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Also, it's interesting to think of a world where they never combined the five cities. It seems like the people largely have their own borough identity while still identifying as New Yorkers and rooting for the NY teams. But had they remained four huge cities next to each other (and Staten Island), would the landscape be different culturally and sports-wise? Would each borough essentially have its own sports teams? Would anybody outside the Bronx have became fans of the Yankees, for instance? I was surprised to read that close to 60% of the city's population is in Brooklyn and Queens, which should theoretically be Mets territory. Obviously the Yankees' storied history and the Mets' late start play a large part of them not owning the city. If the boroughs had never combined, there might not be many more Yankees fans in Brooklyn than, say in Philly.

Hmm. Interesting.

It wasn't four large cities, it was New York City, Brooklyn and a bunch of of smaller cities and towns in what became the boroughs of Queens, Staten Island and the Bronx. Had the consolidation not happened, they'd still be suburbs and still largely identify with New York City.

But with no combined city, there's no Robert Moses to face down O'Malley and the Dodgers might still be in Brooklyn today.

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But they have got to do something, right? I am a big fan of the Islanders' logo and uniforms, but they have to at least introduce a secondary logo reflecting that they are now in Brooklyn, right? I get the Niners not feeling the need to represent Santa Clara in their uni set, but Brooklyn is one of the hippest cities around. Brooklyn Nets gear is ubiquitous because their home is in Brooklyn (and because of Jay Z, but still...) There is no way their branding/merchandising team sits back and misses this opportunity.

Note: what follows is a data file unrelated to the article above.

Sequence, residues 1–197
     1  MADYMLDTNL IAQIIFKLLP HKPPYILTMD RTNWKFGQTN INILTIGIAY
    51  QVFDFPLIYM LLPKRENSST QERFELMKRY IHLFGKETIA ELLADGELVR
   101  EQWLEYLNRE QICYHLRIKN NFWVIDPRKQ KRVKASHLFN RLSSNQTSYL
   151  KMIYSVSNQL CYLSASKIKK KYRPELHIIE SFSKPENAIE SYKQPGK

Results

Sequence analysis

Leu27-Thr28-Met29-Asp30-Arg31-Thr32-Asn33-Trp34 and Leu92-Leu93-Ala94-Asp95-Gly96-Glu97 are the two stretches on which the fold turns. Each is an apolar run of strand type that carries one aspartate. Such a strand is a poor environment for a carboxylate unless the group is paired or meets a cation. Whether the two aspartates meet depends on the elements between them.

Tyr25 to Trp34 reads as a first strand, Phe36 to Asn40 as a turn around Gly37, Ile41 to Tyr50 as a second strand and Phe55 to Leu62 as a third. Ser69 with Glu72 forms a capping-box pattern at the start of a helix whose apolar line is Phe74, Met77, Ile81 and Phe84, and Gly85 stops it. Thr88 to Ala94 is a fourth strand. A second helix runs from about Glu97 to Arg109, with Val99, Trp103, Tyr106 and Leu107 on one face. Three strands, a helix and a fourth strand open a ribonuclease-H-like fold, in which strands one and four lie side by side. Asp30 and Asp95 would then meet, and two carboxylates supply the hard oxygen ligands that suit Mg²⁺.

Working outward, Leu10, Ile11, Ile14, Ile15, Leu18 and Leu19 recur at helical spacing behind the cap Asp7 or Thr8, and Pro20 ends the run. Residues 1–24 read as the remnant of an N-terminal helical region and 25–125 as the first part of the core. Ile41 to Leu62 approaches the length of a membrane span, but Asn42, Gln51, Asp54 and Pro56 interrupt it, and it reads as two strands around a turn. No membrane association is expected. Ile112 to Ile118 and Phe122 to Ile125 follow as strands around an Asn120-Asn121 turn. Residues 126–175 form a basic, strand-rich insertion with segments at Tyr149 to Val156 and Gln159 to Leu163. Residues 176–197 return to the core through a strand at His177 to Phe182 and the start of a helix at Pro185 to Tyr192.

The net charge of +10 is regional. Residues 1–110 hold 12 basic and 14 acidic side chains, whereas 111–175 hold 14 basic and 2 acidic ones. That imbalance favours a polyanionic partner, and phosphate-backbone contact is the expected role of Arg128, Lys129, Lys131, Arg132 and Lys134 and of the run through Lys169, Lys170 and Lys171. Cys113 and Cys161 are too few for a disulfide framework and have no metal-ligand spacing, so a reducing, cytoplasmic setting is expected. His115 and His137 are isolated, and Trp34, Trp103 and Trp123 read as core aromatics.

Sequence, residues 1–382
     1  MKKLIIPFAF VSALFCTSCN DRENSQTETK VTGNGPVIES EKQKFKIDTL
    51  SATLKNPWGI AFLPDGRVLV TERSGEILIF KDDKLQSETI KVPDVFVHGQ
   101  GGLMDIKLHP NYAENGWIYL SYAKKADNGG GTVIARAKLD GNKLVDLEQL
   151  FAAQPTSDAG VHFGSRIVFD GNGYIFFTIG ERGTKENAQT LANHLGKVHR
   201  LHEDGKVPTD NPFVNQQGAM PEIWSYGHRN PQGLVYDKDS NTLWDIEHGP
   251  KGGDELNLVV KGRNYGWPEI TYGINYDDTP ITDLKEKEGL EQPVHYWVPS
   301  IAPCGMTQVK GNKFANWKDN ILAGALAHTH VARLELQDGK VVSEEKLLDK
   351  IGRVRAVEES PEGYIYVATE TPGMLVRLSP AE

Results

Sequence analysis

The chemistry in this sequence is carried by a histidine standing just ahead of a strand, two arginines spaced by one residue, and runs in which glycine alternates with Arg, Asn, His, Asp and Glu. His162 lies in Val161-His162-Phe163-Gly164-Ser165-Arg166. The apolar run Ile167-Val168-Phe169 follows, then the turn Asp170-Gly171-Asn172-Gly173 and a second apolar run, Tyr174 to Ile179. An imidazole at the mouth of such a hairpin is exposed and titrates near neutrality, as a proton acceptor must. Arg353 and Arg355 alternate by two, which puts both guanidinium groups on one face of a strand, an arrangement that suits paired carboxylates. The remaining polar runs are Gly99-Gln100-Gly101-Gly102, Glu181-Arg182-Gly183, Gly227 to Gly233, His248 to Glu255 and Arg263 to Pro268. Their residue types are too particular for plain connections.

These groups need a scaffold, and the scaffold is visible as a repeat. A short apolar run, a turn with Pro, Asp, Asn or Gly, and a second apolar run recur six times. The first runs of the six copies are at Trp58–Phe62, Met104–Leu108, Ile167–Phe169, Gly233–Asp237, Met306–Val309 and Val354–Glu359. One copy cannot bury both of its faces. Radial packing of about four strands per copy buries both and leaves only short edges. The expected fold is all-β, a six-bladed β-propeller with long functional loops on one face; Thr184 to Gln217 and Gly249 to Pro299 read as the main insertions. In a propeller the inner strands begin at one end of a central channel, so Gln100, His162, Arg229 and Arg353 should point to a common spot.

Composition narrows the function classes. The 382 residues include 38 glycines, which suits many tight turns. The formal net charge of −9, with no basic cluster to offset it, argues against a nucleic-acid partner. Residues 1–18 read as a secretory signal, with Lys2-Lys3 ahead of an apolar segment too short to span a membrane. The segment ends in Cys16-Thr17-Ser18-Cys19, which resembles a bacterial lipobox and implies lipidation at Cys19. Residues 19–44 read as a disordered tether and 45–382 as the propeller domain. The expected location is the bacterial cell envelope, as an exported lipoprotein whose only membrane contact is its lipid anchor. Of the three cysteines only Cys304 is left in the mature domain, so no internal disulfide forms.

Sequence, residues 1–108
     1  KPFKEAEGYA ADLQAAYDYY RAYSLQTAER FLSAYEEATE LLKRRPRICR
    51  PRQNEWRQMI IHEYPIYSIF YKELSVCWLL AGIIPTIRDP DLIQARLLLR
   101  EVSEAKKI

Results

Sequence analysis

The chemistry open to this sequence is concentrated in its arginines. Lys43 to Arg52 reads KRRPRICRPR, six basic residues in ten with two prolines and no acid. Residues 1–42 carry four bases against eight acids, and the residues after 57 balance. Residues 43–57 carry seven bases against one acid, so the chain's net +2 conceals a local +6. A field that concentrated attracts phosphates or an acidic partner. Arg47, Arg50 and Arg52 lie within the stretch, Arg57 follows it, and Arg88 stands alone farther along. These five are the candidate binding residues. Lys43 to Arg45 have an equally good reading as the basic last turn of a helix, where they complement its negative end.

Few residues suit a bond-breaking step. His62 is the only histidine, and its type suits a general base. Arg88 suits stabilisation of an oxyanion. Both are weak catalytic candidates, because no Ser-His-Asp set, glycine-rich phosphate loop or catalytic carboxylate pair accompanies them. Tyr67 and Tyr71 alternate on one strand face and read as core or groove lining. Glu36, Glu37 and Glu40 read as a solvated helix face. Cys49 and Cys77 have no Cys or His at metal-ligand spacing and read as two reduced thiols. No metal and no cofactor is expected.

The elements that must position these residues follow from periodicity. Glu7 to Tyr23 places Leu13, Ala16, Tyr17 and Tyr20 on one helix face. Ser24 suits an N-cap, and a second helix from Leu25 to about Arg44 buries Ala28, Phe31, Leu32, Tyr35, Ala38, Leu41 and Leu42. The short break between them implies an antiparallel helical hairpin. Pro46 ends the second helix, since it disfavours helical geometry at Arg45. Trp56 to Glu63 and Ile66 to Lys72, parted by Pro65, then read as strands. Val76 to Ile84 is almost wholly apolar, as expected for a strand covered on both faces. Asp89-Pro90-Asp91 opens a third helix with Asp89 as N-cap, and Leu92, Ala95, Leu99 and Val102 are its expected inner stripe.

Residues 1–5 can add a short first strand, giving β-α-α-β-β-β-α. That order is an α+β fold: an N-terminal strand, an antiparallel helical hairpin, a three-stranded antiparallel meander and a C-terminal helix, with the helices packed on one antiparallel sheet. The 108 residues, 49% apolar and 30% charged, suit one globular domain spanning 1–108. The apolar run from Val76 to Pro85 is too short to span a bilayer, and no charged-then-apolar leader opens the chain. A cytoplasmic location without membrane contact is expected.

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Also, it's interesting to think of a world where they never combined the five cities. It seems like the people largely have their own borough identity while still identifying as New Yorkers and rooting for the NY teams. But had they remained four huge cities next to each other (and Staten Island), would the landscape be different culturally and sports-wise? Would each borough essentially have its own sports teams? Would anybody outside the Bronx have became fans of the Yankees, for instance? I was surprised to read that close to 60% of the city's population is in Brooklyn and Queens, which should theoretically be Mets territory. Obviously the Yankees' storied history and the Mets' late start play a large part of them not owning the city. If the boroughs had never combined, there might not be many more Yankees fans in Brooklyn than, say in Philly.

Hmm. Interesting.

It wasn't four large cities, it was New York City, Brooklyn and a bunch of of smaller cities and towns in what became the boroughs of Queens, Staten Island and the Bronx. Had the consolidation not happened, they'd still be suburbs and still largely identify with New York City.

But with no combined city, there's no Robert Moses to face down O'Malley and the Dodgers might still be in Brooklyn today.

I'll just add that much of the Bronx was already part of New York City before the consolidation of 1898, owing to two separate annexations.
Also, Moses didn't so much "face down" O'Malley as ignore him. O'Malley wanted to build a new privately-funded stadium on the site of today's Barclays Center. All he needed the City government (in the person of Moses, who was commissioner of several agencies) to do was to help him consolidate the many parcels of land into one, so that no single holdout could scuttle the whole thing.
Moses, who was so powerful that he essentially lived in a world of his own creation, refused to lift a finger. He didn't grasp the significance of the Dodgers.
It was only after O'Malley had been rebuffed by Moses that he began talks with Los Angeles, and received iron-clad assurances about Chavez Ravine. By the time anyone else in the New York City government could react to this, the agreement with Los Angeles was already in place; and O'Malley had no reason to back out of an agreement with people who had treated him well, and to try again with a city government that had brushed him off.